In order for artificial neural networks to learn a task, one must solve an inverse design problem. What network will produce the desired output? We have harnessed AI approaches to design physical systems to perform functions inspired by biology, such as protein allostery. But artificial neural networks require a computer in order to learn in top-down fashion by the global process of gradient descent on a cost function. By contrast, the brain learns by local rules on its own, with each neuron adjusting itself and its synapses without knowing what all the other neurons are doing, and without the aid of an external computer. But the brain is not the only biological system that learns by local rules; I will argue that the actin cortex and the amnioserosa during the dorsal closure stage of Drosophila development can also be viewed this way.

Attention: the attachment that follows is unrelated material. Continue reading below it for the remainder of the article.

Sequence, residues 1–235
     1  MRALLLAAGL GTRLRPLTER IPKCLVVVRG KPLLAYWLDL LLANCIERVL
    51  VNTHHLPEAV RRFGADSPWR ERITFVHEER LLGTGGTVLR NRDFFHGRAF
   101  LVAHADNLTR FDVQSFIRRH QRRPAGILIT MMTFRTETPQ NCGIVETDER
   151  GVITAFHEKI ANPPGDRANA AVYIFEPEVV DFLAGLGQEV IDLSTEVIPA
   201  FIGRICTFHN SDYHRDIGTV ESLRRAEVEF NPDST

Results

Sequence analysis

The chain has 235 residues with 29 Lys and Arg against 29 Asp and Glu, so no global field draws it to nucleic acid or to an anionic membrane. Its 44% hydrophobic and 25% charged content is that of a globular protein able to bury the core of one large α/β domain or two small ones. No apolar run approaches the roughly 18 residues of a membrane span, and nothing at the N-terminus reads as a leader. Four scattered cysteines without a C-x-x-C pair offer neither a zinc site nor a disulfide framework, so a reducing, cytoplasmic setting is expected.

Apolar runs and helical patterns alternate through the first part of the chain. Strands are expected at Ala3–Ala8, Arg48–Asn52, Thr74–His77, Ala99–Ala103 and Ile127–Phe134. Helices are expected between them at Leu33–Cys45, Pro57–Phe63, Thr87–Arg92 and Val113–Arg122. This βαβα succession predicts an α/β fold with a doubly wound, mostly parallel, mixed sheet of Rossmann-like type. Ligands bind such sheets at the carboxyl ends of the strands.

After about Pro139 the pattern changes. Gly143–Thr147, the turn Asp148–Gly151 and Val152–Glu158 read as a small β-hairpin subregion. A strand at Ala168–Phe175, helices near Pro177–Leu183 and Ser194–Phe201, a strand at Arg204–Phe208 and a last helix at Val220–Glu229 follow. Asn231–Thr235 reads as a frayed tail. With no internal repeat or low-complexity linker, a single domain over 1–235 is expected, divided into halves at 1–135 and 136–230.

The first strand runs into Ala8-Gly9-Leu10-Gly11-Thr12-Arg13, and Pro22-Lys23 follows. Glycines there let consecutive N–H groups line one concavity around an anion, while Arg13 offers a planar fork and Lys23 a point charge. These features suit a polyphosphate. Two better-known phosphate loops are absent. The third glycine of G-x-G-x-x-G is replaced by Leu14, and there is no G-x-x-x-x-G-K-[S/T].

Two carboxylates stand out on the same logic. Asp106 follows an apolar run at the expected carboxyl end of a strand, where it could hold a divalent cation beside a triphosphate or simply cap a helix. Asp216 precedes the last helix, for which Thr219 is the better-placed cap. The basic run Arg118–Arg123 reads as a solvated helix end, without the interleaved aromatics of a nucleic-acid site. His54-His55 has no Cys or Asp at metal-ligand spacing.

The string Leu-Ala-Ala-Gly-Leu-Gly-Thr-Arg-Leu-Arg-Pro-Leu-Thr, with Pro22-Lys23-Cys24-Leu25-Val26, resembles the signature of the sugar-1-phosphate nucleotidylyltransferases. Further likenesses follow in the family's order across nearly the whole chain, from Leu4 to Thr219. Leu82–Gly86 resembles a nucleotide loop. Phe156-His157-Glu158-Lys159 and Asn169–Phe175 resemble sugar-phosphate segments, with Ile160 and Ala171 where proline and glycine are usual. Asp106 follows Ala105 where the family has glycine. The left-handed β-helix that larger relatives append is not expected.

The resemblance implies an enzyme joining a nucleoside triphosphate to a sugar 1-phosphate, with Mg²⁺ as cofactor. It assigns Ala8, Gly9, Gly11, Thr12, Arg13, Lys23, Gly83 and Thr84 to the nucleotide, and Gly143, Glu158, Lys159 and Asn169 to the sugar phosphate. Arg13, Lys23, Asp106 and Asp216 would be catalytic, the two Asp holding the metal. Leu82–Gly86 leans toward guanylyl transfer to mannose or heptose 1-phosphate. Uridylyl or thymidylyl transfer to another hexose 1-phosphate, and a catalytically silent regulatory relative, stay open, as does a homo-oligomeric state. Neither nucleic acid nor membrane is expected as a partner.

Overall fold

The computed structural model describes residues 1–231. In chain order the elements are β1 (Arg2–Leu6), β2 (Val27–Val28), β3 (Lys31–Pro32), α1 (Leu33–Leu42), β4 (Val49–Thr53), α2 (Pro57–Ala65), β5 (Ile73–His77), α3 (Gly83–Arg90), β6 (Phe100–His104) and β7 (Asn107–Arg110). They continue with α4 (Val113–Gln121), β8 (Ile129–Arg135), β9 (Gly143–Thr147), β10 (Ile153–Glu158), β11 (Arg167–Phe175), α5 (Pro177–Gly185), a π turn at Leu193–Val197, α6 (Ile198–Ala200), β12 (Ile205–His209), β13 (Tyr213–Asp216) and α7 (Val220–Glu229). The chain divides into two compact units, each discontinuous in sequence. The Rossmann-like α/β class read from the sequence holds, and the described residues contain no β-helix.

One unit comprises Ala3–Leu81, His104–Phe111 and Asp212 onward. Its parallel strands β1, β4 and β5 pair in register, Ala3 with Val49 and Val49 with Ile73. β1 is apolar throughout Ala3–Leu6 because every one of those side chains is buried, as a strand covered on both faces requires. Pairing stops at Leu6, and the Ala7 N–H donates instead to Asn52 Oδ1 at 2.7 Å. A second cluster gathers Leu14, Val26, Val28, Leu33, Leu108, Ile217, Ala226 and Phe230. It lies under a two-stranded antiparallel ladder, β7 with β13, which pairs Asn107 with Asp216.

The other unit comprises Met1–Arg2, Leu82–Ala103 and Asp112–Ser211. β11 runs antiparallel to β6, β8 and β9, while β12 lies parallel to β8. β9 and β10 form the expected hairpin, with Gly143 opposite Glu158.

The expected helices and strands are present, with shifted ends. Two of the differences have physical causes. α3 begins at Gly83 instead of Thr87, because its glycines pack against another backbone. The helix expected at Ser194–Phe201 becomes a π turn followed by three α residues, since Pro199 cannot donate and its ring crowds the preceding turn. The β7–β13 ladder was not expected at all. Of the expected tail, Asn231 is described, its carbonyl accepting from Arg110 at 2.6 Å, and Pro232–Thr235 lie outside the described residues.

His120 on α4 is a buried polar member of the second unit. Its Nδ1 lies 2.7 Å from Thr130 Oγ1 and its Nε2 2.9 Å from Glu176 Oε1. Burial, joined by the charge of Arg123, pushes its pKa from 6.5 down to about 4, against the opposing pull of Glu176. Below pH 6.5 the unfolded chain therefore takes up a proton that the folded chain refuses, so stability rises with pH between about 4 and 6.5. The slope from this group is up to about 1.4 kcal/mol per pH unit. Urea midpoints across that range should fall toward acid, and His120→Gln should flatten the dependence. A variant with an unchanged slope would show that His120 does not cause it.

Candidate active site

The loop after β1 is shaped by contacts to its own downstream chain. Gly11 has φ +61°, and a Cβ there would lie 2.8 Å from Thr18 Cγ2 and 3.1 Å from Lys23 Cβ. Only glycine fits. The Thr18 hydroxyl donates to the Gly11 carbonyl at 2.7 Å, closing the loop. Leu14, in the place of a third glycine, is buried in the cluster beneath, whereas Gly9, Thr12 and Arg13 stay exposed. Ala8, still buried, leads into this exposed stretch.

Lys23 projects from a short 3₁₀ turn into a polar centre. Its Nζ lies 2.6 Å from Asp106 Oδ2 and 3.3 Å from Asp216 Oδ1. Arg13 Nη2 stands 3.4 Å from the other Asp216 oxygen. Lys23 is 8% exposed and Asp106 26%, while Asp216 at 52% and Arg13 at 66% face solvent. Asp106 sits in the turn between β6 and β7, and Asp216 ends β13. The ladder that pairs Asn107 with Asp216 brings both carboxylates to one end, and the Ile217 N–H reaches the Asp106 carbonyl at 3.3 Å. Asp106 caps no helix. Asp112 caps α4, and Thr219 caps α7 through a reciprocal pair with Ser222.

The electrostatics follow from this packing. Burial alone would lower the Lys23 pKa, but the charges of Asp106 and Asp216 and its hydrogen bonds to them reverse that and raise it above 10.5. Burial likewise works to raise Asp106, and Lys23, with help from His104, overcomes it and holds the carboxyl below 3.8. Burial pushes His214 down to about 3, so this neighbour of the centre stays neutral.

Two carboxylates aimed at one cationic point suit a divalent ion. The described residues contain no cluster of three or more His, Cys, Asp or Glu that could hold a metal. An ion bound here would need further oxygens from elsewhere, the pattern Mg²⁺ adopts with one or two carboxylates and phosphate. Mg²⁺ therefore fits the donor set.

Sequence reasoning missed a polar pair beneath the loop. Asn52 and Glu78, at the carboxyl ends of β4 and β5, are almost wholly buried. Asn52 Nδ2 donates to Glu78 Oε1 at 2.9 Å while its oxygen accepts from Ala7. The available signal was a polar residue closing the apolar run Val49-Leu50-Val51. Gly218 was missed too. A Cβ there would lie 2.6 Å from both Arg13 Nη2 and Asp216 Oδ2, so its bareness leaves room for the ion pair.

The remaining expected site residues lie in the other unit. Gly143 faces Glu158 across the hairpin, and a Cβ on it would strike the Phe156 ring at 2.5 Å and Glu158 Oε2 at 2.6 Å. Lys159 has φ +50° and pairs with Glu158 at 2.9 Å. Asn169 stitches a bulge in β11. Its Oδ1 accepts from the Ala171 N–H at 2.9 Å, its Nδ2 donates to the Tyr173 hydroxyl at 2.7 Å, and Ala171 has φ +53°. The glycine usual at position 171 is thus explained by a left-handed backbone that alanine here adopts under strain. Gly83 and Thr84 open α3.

Andrea Jo-Wei Liu is the Hepburn Professor of Physics at the University of Pennsylvania, where she holds a joint appointment in the Department of Chemistry. She is a theoretical physicist studying condensed matter physics and biophysics.